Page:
For a man to return from beyond and have a second chance at life, and not appear changed in any feasible way save for a brief adherence to non-violence, only complicates matters when you are attempting to build a narrative around his importance. I mentioned to someone a few days ago that what this battle sequence needed was the typical “Braveheart” moment where Jon, vastly outnumbered, gives his troops a reason to follow him to their deaths. Game of Thrones is all about subversion, right? Well giving us that pep talk would be something we WOULDN’T expect this show to do and could have at least given Jon some credibility.

While its noble for him to be willing to face an onslaught of arrows to save his brother, Rickon, and to charge the Bolton calvary on foot despite how foolish that actually is, the decision to disregard all strategy only creates this notion that all the events are just fodder for getting him to the end goal. Like a video game boss level where all strategy and creativity go out the window, Jon gets lost in the role of a warrior and somehow we forget his previous sacrifice. That’s not to say the resurrection and betrayal are far from our minds, given that it only occurred a few episodes ago, but considering how little has truly changed for Jon in how he carries himself is confusing.

Where was that inner monologue that struck us in Watchers on the Wall? Where is that grappling with death and consequence that requires deep emotional payoff and ultimately, stakes which lead to this battle concluding with value, like in Hardhome?

There is also the death of Rickon, which felt more plot-driven than symbolic. Yes, Rickon could have zig-zagged, but the real question I had was: why bring a Stark child back, without every allowing him to establish a semblance of a character, only to turn around and kill him as motivation for another?

I wonder if we could have had the same effect only on a much more confident and creative scale. For the showrunners to merely touch down on the “need” for war is fine but to commit to it whole heartedly as an attempt to continue a yearly tradtion doesn’t exactly inspire confidence in the show’s future ability to wrap its narrative up cohesively. I may be in the minority on some of these views, and I did very much enjoy the episode, yet I can’t completely turn a blind eye to some of its misgivings. There is plenty of flash here but I’d reckon the fallout will be the far more interesting component.

The theme of children addressing their parents legacies is one that the series has held onto as its lifeblood. Bubbling under the surface, this idea is clear only is one is willing to rationalize the movements and methods of all its major players, but it is present. In the form of a question, this week asked: (1) How will you pick up the mantle of your parents legacy? and (2) How does this younger generation move from beneath the shadows of their formerly ruling parents?

In mentioning the legacies of their fathers, Dany and Yara come to a newfound alliance and an understanding which presents the Mother of Dragons with her fleet. While we have seen Dany flaring up over the past few episodes, in direct juxtaposition with the Mad King’s relentless tyranny, the scenes involving her this week offer a somewhat conflicted reflection for how she may move past that comparison. By asking the Greyjoys to respect the integrity of the Seven Kingdoms, Dany is attempting to save her future kingdom from destruction before she heads there to… well, destroy it. The Greyjoys and Targaryens have the potential to move away from their father’s shadows in ways that could uphold the livelihood of the common man, but thats only IF Dany adheres to working with others rather than just lapsing into conquest mode. Her altruism has long been a one-sided worldview, bent on taking back “what was stolen”, yet how is that different from her father’s ravings and unwillingness to cede any control to those around him?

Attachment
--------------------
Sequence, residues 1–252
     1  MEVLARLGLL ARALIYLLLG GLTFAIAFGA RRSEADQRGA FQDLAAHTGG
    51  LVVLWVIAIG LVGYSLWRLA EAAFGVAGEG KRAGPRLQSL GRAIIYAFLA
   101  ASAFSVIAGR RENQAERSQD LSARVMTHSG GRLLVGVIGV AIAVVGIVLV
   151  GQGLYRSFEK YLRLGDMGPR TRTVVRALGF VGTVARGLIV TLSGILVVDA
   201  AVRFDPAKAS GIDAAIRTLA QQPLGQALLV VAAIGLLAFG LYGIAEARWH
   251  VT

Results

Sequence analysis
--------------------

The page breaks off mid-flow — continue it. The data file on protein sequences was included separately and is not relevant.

With Jon and Sansa, this narrative becomes a lot more difficult to swallow given their characterization this week. BotB is intent on us reading Ned’s demise as a natural conclusion to living the Stark way. However, despite this, Jon leans into his role as the “patriarch” of his clan and risks everything, including any and all strategy, to attempt saving Rickon and destroying Ramsey. Its just as Ned would have done, and did, but perhaps with a more level headed and communicative approach. Just like Ned waltzing into King’s Landing, Jon’s odds are not in his favor, and though he comes out victorious, the aftermath of Sansa’s actions may ultimately split their relationship apart.

While I deeply care about Sansa’s journey and success, definitely stumbled this episode and clearly moves away from her family in a dark move towards embracing a much harsher reality. It is not that she couldn’t come back from it, as we’ve seen this same arc happen in reverse with Theon, but in a season packed with Stark’s rediscovering their family legacy and the model set by their parents, its a least a little troubling. Arya, Bran, and Jon have all accepted their namesake to a degree and have become stronger in that identity, while Sansa has attempted to describe herself as a Stark but never finished playing the game that cost her family so dearly.

BotB blazes its own, highly stylized and brutal battle sequences with grace, and manages to create a compelling sample of carnage and spectacle befitting such an event, yet it came with few if any surprises. Each of our heroes attempt to forge their own path outside the shadows of their fathers, while immersing us into two very different yet complimentary battle sequences. I enjoyed much of what it had to offer but am curious to see what happens next, particuarly for Winterfell and the fallout from the battle.